With the COVID-19 New Normal from video chat platforms to office productivity and cloud-based software, the shift to working remotely is now seen as a convenient alternative to in-person communication, the office, and commerce.
In this article, we will look at how Koreans post-COVID-19 may come to accept remote working (also referred to in Korea as “smart work”), as an option to the traditional on-site model.
In February and March government agencies and companies across South Korea opted to keep workers home in what can be seen as a mass experiment with the remote work system—the intent to flatten the spread of COVID-19. As the threat passed, and methods to control the spread of the virus proved effective, companies soon called for their homebound teams return to their offices.
In a nation with little experience with teams working remotely, responses are mixed—some now strong advocates perceiving themselves more productive and efficient, while others feel working from home meant longer hours tied to technology and little boundaries between work and personal time.
We are finding that the strong hierarchical corporate culture is being challenged by the growing number of millennials. It is no surprise that some millennials are leaving their corporate jobs to pursue freelance work and are very open to working remotely.
With the post-coronavirus shift back to the office, the pros and cons of work-from-home will be subject to scrutiny and comparison with the day to day work culture still heavily rooted in on-site interaction and interpersonal contact.
One issue that did not hamper work from home was Korea’s Internet infrastructure robustness even as the demand for telecommuting solutions rapidly increased.
Unlike underdeveloped countries, Korea was not limited by a lack of state-of-the-art technology. A number of Korean and multinational information technology companies were able to provide top-notch smart work services, with many large firms like the Hyundai Motor Group having long had their own internal communications systems.
More so, Korean domestic ICTs like the Hancom Group have since the 1990s offered a suite of office productivity software platforms. Originally developed for the home Korean market in their indigenous language Hangul, the software now has English as well as other language options. Plus, as an attractive alternative to Microsoft 365, Hancom offers several Cloud-based products, including Hancom Space and Hancom DocsConverter.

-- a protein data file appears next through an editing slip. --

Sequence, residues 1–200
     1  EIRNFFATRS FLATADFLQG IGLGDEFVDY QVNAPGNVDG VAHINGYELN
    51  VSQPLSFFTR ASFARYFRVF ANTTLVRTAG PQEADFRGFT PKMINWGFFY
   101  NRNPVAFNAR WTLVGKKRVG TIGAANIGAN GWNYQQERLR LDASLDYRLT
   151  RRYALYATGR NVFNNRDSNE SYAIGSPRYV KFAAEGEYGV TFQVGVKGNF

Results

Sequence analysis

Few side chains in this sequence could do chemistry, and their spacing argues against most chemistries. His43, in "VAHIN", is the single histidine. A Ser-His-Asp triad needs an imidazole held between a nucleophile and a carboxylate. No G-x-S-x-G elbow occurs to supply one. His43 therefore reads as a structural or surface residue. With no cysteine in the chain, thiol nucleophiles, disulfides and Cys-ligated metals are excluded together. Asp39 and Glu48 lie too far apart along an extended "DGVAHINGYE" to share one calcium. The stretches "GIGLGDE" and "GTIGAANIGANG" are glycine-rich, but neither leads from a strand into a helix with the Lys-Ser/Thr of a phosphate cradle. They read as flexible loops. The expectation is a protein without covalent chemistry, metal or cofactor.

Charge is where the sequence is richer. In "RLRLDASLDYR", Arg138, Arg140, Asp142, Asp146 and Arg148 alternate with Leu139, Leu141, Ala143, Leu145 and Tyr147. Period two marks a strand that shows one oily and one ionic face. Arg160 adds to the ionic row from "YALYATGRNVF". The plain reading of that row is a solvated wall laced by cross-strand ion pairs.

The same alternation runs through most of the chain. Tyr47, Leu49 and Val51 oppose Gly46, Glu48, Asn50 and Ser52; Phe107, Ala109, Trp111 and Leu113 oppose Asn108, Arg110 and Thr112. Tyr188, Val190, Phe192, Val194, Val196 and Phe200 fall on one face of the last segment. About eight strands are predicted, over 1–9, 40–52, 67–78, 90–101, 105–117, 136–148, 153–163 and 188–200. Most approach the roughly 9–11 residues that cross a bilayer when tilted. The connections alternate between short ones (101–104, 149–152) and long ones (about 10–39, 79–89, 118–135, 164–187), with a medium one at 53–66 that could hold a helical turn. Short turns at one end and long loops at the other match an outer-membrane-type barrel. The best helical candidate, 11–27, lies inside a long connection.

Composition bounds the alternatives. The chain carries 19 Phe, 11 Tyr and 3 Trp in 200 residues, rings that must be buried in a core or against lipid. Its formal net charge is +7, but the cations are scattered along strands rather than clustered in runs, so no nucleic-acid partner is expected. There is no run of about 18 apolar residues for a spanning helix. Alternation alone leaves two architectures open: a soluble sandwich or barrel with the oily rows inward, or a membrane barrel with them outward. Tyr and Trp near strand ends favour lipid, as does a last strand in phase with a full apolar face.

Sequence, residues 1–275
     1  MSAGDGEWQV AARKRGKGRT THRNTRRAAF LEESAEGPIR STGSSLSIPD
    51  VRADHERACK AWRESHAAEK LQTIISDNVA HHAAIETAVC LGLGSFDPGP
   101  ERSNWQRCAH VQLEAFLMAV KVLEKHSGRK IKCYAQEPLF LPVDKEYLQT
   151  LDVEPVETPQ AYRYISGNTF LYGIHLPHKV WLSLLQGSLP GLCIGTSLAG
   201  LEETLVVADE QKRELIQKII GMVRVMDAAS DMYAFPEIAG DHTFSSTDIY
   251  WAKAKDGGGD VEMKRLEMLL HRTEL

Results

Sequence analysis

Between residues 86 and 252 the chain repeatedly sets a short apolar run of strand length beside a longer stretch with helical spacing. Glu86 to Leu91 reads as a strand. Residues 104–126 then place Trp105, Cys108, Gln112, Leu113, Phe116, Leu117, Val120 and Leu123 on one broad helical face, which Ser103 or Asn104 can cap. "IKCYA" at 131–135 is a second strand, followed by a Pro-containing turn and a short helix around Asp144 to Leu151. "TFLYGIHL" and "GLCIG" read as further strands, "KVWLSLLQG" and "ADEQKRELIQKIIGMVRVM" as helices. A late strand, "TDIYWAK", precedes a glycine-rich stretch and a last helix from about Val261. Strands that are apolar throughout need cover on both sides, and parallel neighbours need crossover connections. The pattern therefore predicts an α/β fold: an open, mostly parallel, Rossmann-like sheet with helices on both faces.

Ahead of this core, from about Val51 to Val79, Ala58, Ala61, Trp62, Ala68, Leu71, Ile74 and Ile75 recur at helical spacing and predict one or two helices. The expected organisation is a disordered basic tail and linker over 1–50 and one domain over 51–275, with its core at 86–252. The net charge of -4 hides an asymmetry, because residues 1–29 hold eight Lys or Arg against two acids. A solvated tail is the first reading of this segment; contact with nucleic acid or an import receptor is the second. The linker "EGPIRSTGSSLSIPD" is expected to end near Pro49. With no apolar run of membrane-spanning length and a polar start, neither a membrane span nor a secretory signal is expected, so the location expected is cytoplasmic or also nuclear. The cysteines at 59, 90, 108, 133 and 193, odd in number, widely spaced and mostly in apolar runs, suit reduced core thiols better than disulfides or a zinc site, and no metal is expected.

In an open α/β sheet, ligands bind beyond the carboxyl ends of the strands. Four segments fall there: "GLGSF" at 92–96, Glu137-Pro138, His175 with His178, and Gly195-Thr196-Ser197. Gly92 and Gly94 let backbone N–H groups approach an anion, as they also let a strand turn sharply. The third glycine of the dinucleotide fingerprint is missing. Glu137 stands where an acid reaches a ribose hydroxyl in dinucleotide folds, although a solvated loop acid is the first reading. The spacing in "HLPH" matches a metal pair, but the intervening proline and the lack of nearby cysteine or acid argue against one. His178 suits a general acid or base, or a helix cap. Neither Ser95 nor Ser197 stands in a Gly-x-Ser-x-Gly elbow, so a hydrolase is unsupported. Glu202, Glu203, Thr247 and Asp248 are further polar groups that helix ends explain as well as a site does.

Korea tech brands like Naver, too, saw considerable demand. The tech giant which offers Line Works, a popular telecommuting software, witnessed a huge spike in usage during the peak of Korea’s COVID-19 outbreak. The company added that its video conference calls technology saw a sevenfold increase during the same period.
The Big Question
As most of Korea has returned to working on-site, the big question remains open as to whether working remotely and adopting “smart work” systems will become an option and part of the new normal.
As I noted in my book Korea 2020, A Workplace in Transition that was released earlier this year, there has been a considerable effort to offer a flexible working environment. Many of Korea’s top Groups have transitioned their corporate policy for rigid older norms to open dress codes, flexible work hours, and are adopting a more horizontal and creative work culture.
Increasingly, Korean companies, particularly those dedicated to technology and mobility have sought to become adaptive and agile global players. Adding to this, we are finding that the strong hierarchical corporate culture is being challenged by the growing number of millennials. It is no surprise that some millennials are leaving their corporate jobs to pursue freelance work and are very open to working remotely.
That said, even as Korea’s workplace culture has progressed, we are seeing push back on working remotely—some executives still prefer their teams to work on-site and are expressing concerns about employees’ work ethic and output.
On an encouraging note, South Korea’s leading game and online service provider NHN Corp. just announced it has decided to take its remote work experiment further by making Wednesdays their official “work remote day.” The move comes after overwhelmingly positive feedback from NHN and their affiliates’ employees.
A Second Look
Perhaps Korean companies should take a second look into creating a smart working environment. Accepting remote work systems that have been embraced in the West will depend greatly on whether companies and society are willing to bring such corporate and cultural changes.. Businesses can improve ROI and save on overhead and rental costs for their offices. Workers, for their part, can reduce their hours’ long commutes and experience increased productivity, as well as foster a better life-work balance.
The COVID-19 outbreak has changed the way people work and their perceptions about work. The virus crisis could provide an opportunity for Korean companies to re-visit and re-evaluate the benefits of smart work approaches to the workplace.